The Server Message Block (SMB) protocol is commonly used in Windows networks for authentication and communication between systems for access to resources and file sharing. When a Windows system attempts to connect to an SMB resource it will automatically attempt to authenticate and send credential information for the current user to the remote system.  This behavior is typical in enterprise environments so that users do not need to enter credentials to access network resources. Web Distributed Authoring and Versioning (WebDAV) is typically used by Windows systems as a backup protocol when SMB is blocked or fails. WebDAV is an extension of HTTP and will typically operate over TCP ports 80 and 443.  
Adversaries may take advantage of this behavior to gain access to user account hashes through forced SMB authentication. An adversary can send an attachment to a user through spearphishing that contains a resource link to an external server controlled by the adversary (i.e. Template Injection), or place a specially crafted file on navigation path for privileged accounts (e.g. .SCF file placed on desktop) or on a publicly accessible share to be accessed by victim(s). When the user's system accesses the untrusted resource it will attempt authentication and send information including the user's hashed credentials over SMB to the adversary controlled server.  With access to the credential hash, an adversary can perform off-line Brute Force cracking to gain access to plaintext credentials, or reuse it for Pass the Hash. 
There are several different ways this can occur.  Some specifics from in-the-wild use include:
- A spearphishing attachment containing a document with a resource that is automatically loaded when the document is opened (i.e. Template Injection). The document can include, for example, a request similar to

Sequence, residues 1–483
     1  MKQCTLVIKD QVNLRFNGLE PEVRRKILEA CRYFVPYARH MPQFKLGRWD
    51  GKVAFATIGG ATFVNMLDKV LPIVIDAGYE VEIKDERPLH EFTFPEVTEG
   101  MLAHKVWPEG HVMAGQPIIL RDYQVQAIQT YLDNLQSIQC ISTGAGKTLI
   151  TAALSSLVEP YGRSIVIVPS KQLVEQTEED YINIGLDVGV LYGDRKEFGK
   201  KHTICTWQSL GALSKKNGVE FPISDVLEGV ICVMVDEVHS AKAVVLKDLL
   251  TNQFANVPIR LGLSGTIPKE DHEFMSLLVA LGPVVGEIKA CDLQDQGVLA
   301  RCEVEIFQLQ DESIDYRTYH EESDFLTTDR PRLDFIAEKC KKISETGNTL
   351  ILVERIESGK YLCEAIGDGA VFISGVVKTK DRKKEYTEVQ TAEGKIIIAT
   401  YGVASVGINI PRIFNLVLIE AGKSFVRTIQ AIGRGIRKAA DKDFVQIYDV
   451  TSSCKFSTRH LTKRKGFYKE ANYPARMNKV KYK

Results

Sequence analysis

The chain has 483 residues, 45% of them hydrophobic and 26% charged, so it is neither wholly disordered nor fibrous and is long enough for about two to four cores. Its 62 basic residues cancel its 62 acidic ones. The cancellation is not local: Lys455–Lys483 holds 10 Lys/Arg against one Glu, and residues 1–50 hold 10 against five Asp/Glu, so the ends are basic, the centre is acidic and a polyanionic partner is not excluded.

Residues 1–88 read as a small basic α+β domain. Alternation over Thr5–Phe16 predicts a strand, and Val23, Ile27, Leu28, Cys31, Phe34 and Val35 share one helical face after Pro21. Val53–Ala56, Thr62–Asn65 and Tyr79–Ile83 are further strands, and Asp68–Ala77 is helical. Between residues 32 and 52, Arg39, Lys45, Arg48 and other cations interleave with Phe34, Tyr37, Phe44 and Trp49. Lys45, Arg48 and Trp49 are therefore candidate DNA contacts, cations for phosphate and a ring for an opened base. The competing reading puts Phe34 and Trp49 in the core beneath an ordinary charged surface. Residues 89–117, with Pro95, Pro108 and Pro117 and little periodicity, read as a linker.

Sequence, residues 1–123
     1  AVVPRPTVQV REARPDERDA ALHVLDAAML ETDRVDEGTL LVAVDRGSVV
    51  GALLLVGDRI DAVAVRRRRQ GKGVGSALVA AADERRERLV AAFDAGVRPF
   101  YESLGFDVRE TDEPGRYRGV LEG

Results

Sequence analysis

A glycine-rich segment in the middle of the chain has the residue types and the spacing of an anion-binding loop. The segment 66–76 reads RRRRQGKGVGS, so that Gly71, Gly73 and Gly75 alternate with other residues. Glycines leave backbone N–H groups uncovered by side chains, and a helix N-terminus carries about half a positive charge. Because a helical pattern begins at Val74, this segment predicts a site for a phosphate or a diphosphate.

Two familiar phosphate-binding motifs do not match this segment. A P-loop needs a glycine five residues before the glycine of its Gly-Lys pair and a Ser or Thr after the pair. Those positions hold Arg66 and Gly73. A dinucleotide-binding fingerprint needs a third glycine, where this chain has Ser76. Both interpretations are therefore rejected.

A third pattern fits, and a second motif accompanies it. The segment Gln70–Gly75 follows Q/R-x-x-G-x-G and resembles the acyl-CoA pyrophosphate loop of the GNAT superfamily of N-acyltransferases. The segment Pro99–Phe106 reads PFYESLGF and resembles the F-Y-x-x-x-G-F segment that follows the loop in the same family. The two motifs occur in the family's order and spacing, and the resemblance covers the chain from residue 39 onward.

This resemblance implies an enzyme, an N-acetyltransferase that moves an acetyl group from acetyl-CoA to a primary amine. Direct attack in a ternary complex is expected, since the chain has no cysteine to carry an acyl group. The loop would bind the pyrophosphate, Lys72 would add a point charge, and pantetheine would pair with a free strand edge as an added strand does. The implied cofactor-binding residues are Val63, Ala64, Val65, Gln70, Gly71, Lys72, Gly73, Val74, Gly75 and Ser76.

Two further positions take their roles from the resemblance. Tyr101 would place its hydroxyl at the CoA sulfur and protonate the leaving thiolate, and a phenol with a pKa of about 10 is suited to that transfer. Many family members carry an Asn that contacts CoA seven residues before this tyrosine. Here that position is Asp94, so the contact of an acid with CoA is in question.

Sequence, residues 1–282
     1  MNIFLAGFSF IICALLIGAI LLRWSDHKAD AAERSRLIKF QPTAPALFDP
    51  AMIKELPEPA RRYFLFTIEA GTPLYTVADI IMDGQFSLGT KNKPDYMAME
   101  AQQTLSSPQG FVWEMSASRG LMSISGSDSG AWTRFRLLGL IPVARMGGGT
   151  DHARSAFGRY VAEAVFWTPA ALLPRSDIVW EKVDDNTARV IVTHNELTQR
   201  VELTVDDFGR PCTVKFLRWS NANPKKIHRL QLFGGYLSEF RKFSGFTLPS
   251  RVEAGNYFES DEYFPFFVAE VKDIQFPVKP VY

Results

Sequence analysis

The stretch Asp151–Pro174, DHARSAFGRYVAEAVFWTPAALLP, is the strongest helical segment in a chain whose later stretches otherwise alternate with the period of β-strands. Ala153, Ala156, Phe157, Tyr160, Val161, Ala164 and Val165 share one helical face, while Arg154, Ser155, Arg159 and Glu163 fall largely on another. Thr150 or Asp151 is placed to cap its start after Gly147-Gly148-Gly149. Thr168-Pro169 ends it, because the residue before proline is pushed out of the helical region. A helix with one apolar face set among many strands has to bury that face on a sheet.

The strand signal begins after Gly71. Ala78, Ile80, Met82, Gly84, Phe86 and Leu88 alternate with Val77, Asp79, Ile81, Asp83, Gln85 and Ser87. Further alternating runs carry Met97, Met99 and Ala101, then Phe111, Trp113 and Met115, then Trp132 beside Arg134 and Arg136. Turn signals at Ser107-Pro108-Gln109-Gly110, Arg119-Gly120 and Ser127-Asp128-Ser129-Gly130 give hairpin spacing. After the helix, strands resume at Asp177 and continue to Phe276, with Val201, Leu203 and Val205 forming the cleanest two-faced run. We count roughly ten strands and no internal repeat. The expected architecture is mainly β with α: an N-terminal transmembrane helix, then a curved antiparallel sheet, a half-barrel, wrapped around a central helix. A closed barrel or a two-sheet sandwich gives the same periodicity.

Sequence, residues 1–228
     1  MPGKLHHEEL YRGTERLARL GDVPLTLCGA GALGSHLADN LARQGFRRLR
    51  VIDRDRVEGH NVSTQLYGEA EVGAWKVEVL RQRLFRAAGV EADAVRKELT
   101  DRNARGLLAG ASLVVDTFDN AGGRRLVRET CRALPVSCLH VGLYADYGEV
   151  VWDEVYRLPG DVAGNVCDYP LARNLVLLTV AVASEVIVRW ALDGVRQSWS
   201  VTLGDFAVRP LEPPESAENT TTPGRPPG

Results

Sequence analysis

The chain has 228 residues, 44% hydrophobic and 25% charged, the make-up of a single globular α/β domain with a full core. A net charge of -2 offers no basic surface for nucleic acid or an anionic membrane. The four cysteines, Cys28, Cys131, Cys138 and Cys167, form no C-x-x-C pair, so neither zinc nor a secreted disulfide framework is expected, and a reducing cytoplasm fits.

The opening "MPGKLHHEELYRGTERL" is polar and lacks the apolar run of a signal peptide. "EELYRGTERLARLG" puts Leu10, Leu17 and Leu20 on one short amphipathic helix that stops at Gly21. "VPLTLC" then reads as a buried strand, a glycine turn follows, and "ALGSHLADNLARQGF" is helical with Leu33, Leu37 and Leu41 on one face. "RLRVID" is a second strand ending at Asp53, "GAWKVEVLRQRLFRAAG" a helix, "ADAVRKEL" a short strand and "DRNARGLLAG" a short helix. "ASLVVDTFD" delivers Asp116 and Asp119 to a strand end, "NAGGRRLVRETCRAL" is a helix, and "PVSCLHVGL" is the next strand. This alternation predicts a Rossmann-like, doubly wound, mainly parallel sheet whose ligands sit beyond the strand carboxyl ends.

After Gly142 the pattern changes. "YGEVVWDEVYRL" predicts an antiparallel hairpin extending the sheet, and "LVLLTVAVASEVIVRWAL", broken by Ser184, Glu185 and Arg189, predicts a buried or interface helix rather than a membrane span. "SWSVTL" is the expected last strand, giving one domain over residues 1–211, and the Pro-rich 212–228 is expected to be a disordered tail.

file[:]//[remote address]/Normal.dotmto trigger the SMB request. 
- A modified .LNK or .SCF file with the icon filename pointing to an external reference such as
\[remote address]\pic.pngthat will force the system to load the resource when the icon is rendered to repeatedly gather credentials. 
Dragonfly 2.0 has gathered hashed user credentials over SMB using spearphishing attachments with external resource links and by modifying .LNK file icon resources to collect credentials from virtualized systems.
Block SMB traffic from exiting an enterprise network with egress filtering or by blocking TCP ports 139, 445 and UDP port 137. Filter or block WebDAV protocol traffic from exiting the network. If access to external resources over SMB and WebDAV is necessary, then traffic should be tightly limited with whitelisting.  
For internal traffic, monitor the workstation-to-workstation unusual (vs. baseline) SMB traffic. For many networks there should not be any, but it depends on how systems on the network are configured and where resources are located.
Use strong passwords to increase the difficulty of credential hashes from being cracked if they are obtained.
Monitor for SMB traffic on TCP ports 139, 445 and UDP port 137 and WebDAV traffic attempting to exit the network to unknown external systems. If attempts are detected, then investigate endpoint data sources to find the root cause.
Monitor creation and modification of .LNK, .SCF, or any other files on systems and within virtual environments that contain resources that point to external network resources as these could be used to gather credentials when the files are rendered. 
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